NASA astronaut Rick Mastracchio stands on the International Space Station's robotic arm during an urgent spacewalk to fix the station's vital cooling system.
Credit: NASA TV
NASA has delayed the second of three planned holiday spacewalks by 24 hours, setting up a Christmas Eve (Dec. 24) excursion from the International Space Station for two astronauts.
The agency made the decision after noticing an issue with the spacesuit of Rick Mastracchio, who ventured outside the orbiting lab with fellow NASA astronaut Mike Hopkins Saturday (Dec. 21) to address a problem with the station's cooling system.
Water may have entered part of Mastracchio's spacesuit in the orbiting outpost's airlock after Saturday's extravehicular activity (EVA), NASA officials said. So the flight control team at the agency's Johnson Space Center in Houston have directed Mastracchio to use a spare suit for the next spacewalk, which was originally planned for Monday (Dec. 23); the extra day will allow the station's crew to resize the suit for him.
The spacesuit issue is apparently a minor one, and it's unrelated to the frightening leak that caused water to flood into European astronaut Luca Parmitano's helmet during a July spacewalk, officials said. (Hopkins wore Parmitano's suit on Saturday and encountered no problems.)
"Both Mastracchio and Hopkins reported dry conditions repeatedly throughout Saturday's activities and the two were never in danger," NASA officials wrote in a press release after the spacewalk.
Mastracchio and Hopkins are tasked with replacing a faulty pump module that's part of the International Space Station's cooling system. A valve in the module malfunctioned on Dec. 11, requiring some systems aboard the orbiting lab to be shut down. The issue does not threaten the safety of the six crewmembers currently living and working on the station, officials say.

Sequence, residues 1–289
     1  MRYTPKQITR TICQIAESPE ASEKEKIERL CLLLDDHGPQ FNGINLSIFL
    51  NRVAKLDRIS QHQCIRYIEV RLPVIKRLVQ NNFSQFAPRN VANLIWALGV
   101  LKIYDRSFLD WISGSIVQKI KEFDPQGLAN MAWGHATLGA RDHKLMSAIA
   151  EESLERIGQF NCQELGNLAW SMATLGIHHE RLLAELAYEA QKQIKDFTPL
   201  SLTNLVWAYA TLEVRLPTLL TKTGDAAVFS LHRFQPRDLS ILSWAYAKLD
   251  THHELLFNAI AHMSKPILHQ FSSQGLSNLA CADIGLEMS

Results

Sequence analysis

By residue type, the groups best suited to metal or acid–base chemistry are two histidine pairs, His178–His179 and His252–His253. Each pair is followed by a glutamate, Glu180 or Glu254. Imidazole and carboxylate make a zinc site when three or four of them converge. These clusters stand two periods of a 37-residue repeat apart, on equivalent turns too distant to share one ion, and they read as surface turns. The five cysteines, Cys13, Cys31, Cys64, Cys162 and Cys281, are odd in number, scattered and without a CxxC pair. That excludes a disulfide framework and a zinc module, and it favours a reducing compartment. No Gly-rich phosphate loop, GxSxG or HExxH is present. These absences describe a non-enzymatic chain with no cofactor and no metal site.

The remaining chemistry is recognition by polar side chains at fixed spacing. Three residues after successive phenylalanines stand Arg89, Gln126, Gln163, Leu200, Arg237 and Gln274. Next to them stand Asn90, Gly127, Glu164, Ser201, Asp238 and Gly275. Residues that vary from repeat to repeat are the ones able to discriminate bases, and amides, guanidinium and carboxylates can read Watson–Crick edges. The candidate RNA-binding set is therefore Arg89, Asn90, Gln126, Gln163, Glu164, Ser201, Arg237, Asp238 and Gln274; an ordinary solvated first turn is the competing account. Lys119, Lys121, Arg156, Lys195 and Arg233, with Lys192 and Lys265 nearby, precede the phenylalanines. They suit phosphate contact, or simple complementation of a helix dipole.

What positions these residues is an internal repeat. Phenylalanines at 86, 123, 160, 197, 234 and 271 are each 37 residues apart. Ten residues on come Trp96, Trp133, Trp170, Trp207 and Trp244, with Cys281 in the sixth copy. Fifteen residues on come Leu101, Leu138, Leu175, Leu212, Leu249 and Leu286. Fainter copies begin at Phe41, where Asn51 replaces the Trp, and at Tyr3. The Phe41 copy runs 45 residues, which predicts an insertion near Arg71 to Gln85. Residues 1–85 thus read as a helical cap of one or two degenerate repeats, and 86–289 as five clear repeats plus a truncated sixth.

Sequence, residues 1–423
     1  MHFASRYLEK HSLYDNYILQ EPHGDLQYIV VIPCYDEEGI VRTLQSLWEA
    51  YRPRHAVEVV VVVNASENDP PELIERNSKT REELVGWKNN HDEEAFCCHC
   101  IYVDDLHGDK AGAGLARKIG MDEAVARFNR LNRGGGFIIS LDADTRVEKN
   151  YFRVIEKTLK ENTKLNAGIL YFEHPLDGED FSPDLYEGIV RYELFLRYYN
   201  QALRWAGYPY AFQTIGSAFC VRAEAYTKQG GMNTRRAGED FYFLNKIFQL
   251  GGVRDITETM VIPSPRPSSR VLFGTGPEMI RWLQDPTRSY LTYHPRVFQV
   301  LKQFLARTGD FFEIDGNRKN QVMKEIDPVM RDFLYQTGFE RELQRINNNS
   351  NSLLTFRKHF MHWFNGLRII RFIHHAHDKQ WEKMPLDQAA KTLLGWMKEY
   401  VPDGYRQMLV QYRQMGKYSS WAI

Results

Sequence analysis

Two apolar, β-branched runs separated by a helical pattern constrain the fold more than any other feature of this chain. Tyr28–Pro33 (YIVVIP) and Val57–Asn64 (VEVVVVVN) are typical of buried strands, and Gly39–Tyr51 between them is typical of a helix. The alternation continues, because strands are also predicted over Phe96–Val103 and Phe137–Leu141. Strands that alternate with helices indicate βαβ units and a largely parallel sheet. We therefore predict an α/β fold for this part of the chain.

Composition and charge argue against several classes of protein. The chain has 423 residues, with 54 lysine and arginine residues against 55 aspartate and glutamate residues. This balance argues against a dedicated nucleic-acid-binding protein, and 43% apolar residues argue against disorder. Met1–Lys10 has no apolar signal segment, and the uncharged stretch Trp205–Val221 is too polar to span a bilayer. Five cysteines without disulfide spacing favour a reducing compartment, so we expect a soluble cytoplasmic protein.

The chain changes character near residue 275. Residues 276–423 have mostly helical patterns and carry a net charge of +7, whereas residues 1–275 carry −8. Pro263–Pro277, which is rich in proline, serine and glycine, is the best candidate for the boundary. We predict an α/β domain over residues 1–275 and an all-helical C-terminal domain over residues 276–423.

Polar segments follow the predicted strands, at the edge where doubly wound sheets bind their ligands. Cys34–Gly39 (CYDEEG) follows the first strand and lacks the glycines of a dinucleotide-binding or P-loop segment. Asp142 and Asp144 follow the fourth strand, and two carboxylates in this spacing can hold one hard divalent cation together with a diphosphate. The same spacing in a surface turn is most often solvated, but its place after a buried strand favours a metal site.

Mastracchio and Hopkins made good progress during Saturday's spacewalk, meaning the third EVA may not be necessary. That last excursion was originally slated for Christmas Day (Dec. 25), but it will almost certainly be pushed back now, if it happens at all.
The Christmas Eve EVA is scheduled to begin at 7:10 a.m. EST (1220 GMT). You can watch it live here on SPACE.com beginning at 6:15 a.m. EST, courtesy of NASA TV.
The spacewalks have delayed the first contracted cargo mission of aerospace firm Orbital Sciences' unmanned Cygnus spacecraft, which was scheduled to launch toward the orbiting lab on Thursday (Dec. 19). That liftoff will now likely occur no earlier than mid-January, NASA officials have said.